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Japan's luxe-fruit masters grow money on trees

EDIBLE FORTUNE: Top-notch fruit is a valuable commodity in Japanese business, and products like this musk melon at Japanese fruit shop Sun Fruits can set you back as much as 16,000 yen (S$205).


    Oct 01, 2013

    Japan's luxe-fruit masters grow money on trees

    WITH melons that sell for the price of a new car and grapes that go for more than US$100 (S$126) a pop, Japan is a country where perfectly formed fruit can fetch a fortune.

    An industry of fruit boutiques has defied Japan's sluggish economy to consistently offer luscious produce at hefty prices - and it is always in demand.

    In July, a single bunch of Ruby Roman grapes reportedly sold for 400,000 yen (S$5,140), making the plump, crimson berries worth a staggering 11,000 yen each.

    Every May, a pair of canteloupe melons grown in the north of Hokkaido is auctioned off. The hammer fell on this year's pair at a cool 1.6 million yen.

    While such cases are at the extreme end, top-notch fruit is a valuable commodity in the world of business in Japan, signifying just how much importance the gift giver attaches to a relationship.

    "Most of our products are for gift purposes, so we collect large and high-grade products from all around Japan," said Mr Yoshinobu Ishiyama, manager of a Sun Fruits branch at Tokyo Midtown, a glitzy office-commercial tower.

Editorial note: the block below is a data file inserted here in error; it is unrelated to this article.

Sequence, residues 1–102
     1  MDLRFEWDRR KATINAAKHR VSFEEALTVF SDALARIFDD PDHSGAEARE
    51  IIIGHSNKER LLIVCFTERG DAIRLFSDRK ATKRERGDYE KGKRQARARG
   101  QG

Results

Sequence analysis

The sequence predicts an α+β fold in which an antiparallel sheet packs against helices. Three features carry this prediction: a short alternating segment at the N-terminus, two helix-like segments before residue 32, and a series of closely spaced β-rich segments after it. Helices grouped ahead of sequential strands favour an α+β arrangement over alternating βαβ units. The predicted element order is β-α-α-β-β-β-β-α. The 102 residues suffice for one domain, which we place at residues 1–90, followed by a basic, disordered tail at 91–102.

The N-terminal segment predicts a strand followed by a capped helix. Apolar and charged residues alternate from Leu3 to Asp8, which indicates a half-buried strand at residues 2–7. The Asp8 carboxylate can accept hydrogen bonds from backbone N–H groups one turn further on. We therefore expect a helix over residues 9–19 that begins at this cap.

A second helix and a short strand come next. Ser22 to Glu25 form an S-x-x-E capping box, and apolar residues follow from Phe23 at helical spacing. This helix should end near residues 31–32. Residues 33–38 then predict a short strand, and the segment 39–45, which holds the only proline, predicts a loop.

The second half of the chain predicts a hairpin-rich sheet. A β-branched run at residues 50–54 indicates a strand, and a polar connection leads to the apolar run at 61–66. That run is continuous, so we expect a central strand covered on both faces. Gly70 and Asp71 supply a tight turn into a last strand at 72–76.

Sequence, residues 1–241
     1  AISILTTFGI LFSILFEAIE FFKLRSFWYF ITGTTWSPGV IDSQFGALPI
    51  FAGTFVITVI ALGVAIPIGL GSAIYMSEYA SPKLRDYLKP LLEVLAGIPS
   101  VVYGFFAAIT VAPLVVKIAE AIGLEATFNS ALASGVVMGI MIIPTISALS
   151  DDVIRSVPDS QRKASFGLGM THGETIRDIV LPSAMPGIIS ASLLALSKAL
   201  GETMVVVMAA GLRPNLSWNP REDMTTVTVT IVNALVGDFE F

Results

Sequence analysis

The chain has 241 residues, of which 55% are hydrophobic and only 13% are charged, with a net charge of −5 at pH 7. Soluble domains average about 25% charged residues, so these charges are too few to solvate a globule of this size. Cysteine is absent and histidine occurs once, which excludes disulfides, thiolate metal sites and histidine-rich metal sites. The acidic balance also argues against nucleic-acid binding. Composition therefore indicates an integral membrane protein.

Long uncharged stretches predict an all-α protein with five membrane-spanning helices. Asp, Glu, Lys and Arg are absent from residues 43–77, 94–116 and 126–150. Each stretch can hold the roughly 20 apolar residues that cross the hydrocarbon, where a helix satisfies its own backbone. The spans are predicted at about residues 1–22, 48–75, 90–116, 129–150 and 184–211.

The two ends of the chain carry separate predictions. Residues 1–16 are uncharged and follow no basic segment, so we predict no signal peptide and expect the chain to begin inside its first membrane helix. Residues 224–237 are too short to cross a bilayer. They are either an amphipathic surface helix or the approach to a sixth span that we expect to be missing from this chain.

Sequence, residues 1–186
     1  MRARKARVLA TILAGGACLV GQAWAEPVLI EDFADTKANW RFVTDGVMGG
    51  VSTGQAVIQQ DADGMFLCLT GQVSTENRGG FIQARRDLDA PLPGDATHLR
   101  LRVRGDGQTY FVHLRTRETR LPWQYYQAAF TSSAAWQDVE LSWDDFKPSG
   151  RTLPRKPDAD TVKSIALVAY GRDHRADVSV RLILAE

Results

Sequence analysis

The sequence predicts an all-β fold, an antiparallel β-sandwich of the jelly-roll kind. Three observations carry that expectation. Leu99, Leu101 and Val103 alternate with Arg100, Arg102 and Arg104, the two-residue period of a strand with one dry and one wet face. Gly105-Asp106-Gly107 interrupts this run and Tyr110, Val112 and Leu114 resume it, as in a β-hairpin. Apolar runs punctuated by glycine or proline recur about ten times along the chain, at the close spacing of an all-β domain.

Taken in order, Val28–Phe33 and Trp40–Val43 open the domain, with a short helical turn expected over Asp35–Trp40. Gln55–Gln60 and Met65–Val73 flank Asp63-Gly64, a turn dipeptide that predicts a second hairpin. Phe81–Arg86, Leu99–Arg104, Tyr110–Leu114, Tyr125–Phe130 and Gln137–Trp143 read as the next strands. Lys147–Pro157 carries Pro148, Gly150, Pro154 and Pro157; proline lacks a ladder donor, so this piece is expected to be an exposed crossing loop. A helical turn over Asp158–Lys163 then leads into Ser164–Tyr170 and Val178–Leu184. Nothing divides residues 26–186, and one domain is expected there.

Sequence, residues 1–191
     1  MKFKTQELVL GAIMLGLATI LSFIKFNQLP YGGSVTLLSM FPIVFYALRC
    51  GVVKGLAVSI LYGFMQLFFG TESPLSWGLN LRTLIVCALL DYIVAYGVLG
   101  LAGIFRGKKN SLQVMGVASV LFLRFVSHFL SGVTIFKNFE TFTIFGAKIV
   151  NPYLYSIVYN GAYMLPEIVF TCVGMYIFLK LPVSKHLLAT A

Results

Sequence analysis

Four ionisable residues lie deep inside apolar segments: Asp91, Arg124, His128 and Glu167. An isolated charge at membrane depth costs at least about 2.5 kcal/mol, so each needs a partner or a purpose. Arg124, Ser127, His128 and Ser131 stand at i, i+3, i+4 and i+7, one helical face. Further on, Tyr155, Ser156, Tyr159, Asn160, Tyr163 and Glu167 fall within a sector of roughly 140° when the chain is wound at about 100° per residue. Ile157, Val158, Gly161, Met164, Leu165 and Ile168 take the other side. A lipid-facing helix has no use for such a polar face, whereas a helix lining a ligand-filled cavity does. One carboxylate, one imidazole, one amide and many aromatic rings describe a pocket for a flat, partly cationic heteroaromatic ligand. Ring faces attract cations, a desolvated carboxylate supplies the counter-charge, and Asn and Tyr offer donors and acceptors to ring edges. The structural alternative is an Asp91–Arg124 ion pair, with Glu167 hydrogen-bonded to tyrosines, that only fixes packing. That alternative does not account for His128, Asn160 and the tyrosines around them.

Inside his bright, white-tiled emporium, mouth-watering fruit give off a heady, brain-tingling aroma as soothing music welcomes his well-heeled customers.

    While Mr Ishiyama does not have anything you could trade for a mid-range car, he does have a slightly more affordable example of the Ruby Roman grapes - a snip at 31,500 yen for a bunch.

    A single white peach - flavourful, perfectly round and about the size of a newborn baby's head - goes for 2,625 yen. A bunch of Muscat of Alexandria grapes has a 7,350-yen price tag.

    Then, there is the unrivalled symbol of expensive gifts in Japan: Musk melons. Sitting in individual wooden boxes on the top shelf of a glass-door fridge at the back of the shop, they will set you back as much as 16,000 yen each. There are also square watermelons - grown in plastic boxes and usually for decoration - which start at 5,000 yen.

    As with everything in Japan, presentation is key: Cherries are lined up in boxes, their stalks all facing the same direction; strawberries are nestled in soft packaging, their deep-red surface uniformly dotted by seeds.

    No doubt, the giving of high-end fruit is about creating a lasting impression on Japanese clients, said corporate trainer Farhad Kardan.